OIE Curricula Guidelines for Veterinary Paraprofessionals - May 2019

 
OIE Curricula Guidelines for Veterinary Paraprofessionals - May 2019
May 2019

                OIE Curricula
                Guidelines for Veterinary
                Paraprofessionals

OIE Curricula Guidelines for Veterinary Paraprofessionals        1
OIE Curricula Guidelines for Veterinary Paraprofessionals - May 2019
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    © Copyright OIE 2019
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    doi: 10.20506/PVS-2758

2                                                       OIE Curricula Guidelines for Veterinary Paraprofessionals
OIE Curricula Guidelines for Veterinary Paraprofessionals - May 2019
Foreword
The OIE’s Sixth Strategic Plan for the period 2016–2020 commits to continue to develop, renew and revise its
standards and guidelines on the quality of Veterinary Services (including veterinary professionals).

In this context, the OIE recognises the important role that veterinary paraprofessionals can play in support of
strong National Veterinary Services particularly when the implementation of large-scale control strategies for major
diseases is on their agenda. Thus, in addition to the competency and curriculum guidelines already developed for
veterinarians, the development of these OIE Curricula Guidelines for Veterinary Paraprofessionals as a companion
document to the previously issued OIE Competency Guidelines for Veterinary Paraprofessionals is a demonstration
of the OIE’s commitment. The overarching goal of this effort is to provide Member Countries with useful tools
to help them better define the roles of veterinary paraprofessionals in the veterinary domain, the skills that they
require, and the training they need to obtain and apply those skills in support of improved animal health and welfare,
veterinary public health, and laboratory diagnosis, consistent with OIE standards.

To develop the two Guidelines, the OIE convened an ad hoc Group on Veterinary Paraprofessionals consisting of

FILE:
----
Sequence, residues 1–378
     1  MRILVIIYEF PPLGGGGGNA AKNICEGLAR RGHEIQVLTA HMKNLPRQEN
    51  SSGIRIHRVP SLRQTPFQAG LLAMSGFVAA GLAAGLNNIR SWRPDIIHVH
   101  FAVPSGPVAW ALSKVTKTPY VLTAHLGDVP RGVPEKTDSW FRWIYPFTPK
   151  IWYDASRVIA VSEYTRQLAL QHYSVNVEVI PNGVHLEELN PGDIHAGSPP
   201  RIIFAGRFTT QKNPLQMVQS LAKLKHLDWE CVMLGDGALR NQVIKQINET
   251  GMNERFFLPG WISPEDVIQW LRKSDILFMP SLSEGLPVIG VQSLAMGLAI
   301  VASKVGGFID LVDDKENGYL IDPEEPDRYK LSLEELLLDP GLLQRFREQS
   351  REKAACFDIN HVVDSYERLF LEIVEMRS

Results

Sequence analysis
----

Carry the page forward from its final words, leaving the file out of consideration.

educators, regulators, experts and representatives of veterinary paraprofessional associations to identify desired
competencies for veterinary paraprofessionals working in animal health, veterinary public health, and laboratory
diagnosis tracks and to prepare model curricula designed to deliver these competencies for each track. Given
the scope of the work involved, the Group restricted its focus to developing competencies associated with
approved curricula delivered by accredited institutions offering programmes at the certificate, diploma, or degree
level. However, the OIE recognises that the resources available for training veterinary paraprofessionals can vary
considerably between countries. Therefore, the ad hoc Group strived to develop curricula guidelines that are flexible
and can be used to build training programmes that focus on delivering a set of desired veterinary paraprofessional
competencies. The duration of the training required to deliver those competencies is a decision to be made by the
relevant training institutions and authorities responsible for regulating veterinary paraprofessionals.

Used together, the Competency Guidelines and Curricula Guidelines can be applied within Member Countries in
many ways. Potential applications include: use by veterinary statutory bodies to improve recognition and definition
of different categories of qualified VPPs; use by training institutions for programme and curricula development; use
by Veterinary Services and other potential employers for development of veterinary paraprofessional job descriptions
and requirements for training; use by policy-makers to help develop human resource needs assessments and skill
development for veterinary paraprofessionals in the veterinary domain; and, use by veterinary paraprofessionals
themselves for self-assessments aimed at continuing education and career advancement.

This work is an additional OIE contribution to the completion of some United Nations’ Sustainable Development Goals,
in particular Goal 4 ‘Ensure inclusive and equitable quality education and promote lifelong, learning opportunities for
all,’ Goal 5 ‘Achieve gender equality and empower all women and girls’ and Goal 8 ‘Promote sustained, inclusive and